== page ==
A couple of weeks ago, my oldest son and I were sitting on the back deck reading – me an investing book, him an article on personal finance from maybe the Globe and Mail or the Financial Post.
He was horrified at the spending habits of the person profiled in the article he was reading. Here’s what I recall about her situation:
- divorced a few years, teenage daughter, shared custody with the ex
- settlement of ~ $225k or so from the divorce – all gone
- earns $100k/year, 0 savings, debt of ~ $40k over and above mortgage – which was a very high balance so must have been refinanced when housing prices were much higher than now
- lives in $600k house (I think median prices in her city are ~ $350k) – probably a left over from the divorce
- spends ~ $7,500/month (about $1-$1.5k more than take-home pay)
In general, her spending was the usual “OMG how can you spend that much?!?” kinds of things. Lots to pass judgement on and easy to trim anyway.
My son’s solutions for her dilemma were way more draconian than either my or the financial planner’s solutions. And of course, like any 24 y.o. single male that lives in his mother’s basement, he didn’t factor in minor things like paying for anything for the teenage kid, higher taxes or utilities… But I can’t judge her because the reason why she was profiled was because she knew she had to change.
I earn more (right now) on my own than any of the 1% SINKS and double income-ers profiled in this Toronto Life article. Unlike most of them, my expenses are quite a bit lower and my savings quite a bit higher. Whatever. Apparently my not-spending habits are difficult to change. But I admit, I didn’t try that hard. It seemed like too much work.
So I really don’t see why John Scalzi on his blog “Whatever” wants to rip the profiled people a new one in his post: Not being able to scrape by with $200k is usually your own fault
Apart from the one couple that is saving nothing and complains that they can’t and one single guy that complains a bit about taxes (hmm… that sounds familiar…), they’re all living below their means and saving for the future. Even the 80 year old couple in the article LBYM’s – apart from a new car every 3 years, their base living costs are only $30k/year + what they spend traveling of another $30k. But they’re called out of touch assholes by Gawker. (Well gee, how do you think they got that money? By working hard and saving for a LONG time or winning the lottery?)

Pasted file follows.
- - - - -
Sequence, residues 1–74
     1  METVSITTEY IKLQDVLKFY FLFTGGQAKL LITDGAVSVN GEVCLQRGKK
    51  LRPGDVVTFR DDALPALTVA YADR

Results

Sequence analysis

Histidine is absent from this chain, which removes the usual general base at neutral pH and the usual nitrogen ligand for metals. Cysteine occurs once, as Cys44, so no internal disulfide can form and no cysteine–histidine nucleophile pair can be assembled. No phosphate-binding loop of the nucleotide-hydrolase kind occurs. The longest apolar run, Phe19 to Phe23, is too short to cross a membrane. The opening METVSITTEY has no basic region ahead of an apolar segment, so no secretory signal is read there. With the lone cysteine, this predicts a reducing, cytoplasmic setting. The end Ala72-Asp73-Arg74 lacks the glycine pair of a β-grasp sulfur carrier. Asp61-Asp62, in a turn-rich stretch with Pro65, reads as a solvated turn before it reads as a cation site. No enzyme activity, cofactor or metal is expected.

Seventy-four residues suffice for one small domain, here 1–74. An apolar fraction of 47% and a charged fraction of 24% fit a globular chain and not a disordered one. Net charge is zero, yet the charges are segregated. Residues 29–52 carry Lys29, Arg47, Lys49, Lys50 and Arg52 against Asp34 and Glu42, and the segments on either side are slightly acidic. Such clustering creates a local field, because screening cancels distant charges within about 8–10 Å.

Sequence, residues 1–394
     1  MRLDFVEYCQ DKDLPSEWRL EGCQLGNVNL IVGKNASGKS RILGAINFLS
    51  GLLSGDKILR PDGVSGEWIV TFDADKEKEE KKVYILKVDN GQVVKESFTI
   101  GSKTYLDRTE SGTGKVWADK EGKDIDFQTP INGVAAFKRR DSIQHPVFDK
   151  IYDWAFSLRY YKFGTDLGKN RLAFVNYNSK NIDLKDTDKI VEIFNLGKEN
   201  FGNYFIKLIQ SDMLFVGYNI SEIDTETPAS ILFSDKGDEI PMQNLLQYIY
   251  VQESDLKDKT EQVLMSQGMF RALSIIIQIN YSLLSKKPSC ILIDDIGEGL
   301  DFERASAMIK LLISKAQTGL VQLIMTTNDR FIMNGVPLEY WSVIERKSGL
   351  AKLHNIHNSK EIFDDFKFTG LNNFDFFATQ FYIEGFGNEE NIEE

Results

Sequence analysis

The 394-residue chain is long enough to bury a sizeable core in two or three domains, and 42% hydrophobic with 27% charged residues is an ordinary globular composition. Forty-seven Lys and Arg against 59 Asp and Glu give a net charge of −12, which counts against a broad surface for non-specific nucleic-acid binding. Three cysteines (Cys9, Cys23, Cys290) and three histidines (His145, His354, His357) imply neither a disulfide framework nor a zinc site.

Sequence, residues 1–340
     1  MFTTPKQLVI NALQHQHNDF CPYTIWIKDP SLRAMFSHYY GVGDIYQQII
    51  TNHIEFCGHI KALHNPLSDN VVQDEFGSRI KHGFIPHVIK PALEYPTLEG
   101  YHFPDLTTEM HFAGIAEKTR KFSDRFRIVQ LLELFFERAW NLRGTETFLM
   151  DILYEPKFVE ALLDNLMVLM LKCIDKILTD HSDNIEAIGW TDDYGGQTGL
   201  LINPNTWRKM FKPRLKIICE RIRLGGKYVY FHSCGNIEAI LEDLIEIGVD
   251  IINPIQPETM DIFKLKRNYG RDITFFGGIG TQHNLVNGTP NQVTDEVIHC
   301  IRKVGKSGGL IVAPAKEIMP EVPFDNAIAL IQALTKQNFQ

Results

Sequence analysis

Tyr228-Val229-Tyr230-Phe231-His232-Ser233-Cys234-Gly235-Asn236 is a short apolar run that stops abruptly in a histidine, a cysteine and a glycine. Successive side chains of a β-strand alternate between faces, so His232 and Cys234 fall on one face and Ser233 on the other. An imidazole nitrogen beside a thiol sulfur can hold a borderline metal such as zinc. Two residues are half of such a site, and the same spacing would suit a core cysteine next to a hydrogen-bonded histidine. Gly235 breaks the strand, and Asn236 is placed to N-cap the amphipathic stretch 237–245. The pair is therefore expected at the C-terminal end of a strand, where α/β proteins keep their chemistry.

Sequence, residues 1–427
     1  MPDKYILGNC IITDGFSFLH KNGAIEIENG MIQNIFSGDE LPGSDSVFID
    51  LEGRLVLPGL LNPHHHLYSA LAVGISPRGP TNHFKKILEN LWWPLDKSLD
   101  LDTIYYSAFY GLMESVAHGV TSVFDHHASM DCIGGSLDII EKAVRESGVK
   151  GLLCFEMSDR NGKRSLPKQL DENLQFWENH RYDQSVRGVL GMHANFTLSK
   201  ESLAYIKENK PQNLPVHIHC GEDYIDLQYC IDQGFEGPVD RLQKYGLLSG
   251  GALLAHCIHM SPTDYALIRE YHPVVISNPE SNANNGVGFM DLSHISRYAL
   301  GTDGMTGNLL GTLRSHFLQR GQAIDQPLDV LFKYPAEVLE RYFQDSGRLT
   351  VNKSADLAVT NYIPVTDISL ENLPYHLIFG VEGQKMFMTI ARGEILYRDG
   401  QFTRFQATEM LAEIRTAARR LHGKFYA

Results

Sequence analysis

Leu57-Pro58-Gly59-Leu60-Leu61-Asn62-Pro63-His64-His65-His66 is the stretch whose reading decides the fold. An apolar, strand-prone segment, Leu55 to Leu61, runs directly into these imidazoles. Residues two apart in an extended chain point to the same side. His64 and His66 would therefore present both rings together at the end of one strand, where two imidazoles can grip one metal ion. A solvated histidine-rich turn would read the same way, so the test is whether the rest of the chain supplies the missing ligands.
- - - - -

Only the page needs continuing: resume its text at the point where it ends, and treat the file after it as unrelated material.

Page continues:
Like the octogenarians, I really like buying stocks on sale. The sheer pleasure of playing around in the stock market just might be enough to keep me working… Mark Cuban or index investors might think that’s like a gambling addiction – and maybe it is. Don’t judge me!
Judging – is it really that bad? It’s just social comparison theory isn’t it? Sometimes we judge and approve – and sometimes we judge and disapprove. But we’re always judging, comparing and refining. Like I look at the octogenarian’s lives and think they have quite an ideal lifestyle that I’d like to have some day. I think comparing is a valuable thing for young people like my son to do but once you’re over 40 or so you just stop caring what other people do or what they think about what you do. Maybe Scalzi’s under 40.
Some things I’ve read but have no idea who they’re attributable to:
When we’re in our 20′s we think everyone thinks about us. In our 30′s we don’t care if they think about us. And in our 40′s we know that no one was thinking about us.
Most people think more about what they’re having for dinner than they do about you.